Poetry and Prose Interpretation

Poetry and Prose are the two binder events most associated with speech. As such, they are most often associated with the little black binder (also known as the “interper’s binder”) that contains the literature to be performed. In Texas, the events are non-TFA qualifying events but are usually featured as either supplemental for students knocked out of their main events or as additional areas of competition at local tournaments that do not allow TFA State qualification points. Additionally, both events often have novice divisions for first year competitors, as a beginning for would-be interpers.

Poetry Interpretation is a 7-minute maximum event that is performed out of the black binder. Usually, there are two types of poetry performances: single poems or collections. Single poems are a full performance taken from one poem or from one book of an author’s poetry. Collections of poetry are usually centered around a specific theme, with multiple smaller poems or cuttings of poems functioning as different viewpoints. The performer must include an introduction that sets the tone, themes, or arguments of what they are about to share. The introduction should also include all titles and authors of every poem included.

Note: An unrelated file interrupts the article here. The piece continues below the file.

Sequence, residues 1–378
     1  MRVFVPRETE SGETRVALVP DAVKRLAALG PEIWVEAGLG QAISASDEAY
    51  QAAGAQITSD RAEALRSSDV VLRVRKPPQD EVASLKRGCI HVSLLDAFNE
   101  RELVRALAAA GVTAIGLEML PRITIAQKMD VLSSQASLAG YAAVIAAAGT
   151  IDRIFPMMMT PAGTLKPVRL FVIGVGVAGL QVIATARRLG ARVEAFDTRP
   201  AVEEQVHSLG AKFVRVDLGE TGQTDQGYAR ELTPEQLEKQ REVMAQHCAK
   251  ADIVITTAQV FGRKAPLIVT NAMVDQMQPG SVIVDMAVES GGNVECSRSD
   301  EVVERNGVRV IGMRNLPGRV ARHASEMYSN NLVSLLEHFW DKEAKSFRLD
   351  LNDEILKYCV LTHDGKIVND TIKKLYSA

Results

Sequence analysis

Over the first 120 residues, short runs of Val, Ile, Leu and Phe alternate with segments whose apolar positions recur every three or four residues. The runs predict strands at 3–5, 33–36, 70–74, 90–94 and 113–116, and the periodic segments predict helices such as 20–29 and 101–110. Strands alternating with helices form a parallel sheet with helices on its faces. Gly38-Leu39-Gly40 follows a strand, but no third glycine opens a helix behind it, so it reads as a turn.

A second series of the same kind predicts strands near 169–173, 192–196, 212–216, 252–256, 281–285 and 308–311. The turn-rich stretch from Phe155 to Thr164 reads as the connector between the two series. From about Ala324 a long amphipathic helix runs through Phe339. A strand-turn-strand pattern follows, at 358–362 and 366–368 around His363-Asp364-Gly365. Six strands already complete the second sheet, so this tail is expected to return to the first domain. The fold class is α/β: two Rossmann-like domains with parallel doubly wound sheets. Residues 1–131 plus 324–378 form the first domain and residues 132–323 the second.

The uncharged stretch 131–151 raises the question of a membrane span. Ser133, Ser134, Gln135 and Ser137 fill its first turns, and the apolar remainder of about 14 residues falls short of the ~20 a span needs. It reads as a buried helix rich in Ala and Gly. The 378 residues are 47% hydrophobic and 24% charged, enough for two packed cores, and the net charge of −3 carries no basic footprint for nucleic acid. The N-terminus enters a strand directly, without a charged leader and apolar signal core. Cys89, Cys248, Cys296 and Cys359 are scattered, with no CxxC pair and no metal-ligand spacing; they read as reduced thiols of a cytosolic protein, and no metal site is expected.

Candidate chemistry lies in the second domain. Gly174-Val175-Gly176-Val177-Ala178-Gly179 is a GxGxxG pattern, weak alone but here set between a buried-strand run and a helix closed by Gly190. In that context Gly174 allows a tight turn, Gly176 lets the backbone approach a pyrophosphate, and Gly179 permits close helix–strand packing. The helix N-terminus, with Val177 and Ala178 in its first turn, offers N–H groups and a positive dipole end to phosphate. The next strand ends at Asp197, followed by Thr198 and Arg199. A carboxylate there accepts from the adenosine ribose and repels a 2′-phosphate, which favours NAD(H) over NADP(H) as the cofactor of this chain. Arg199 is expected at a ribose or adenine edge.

Prose Interpretation is also a 7-minute maximum performance event taken from the black binder. Prose selections may be taken from novels, memoirs, shorts stories, essays, or other prosaic works. Although proses are usually first-person narration, second- and third-person are not forbidden (just less common). The performer’s role is to tell a story, recounting the work told with attention to the emotion expressly written and implied by the author. The performance must also include an introduction that tells the title and author of the story, as well as sets the tones, themes, or arguments of the following performance.

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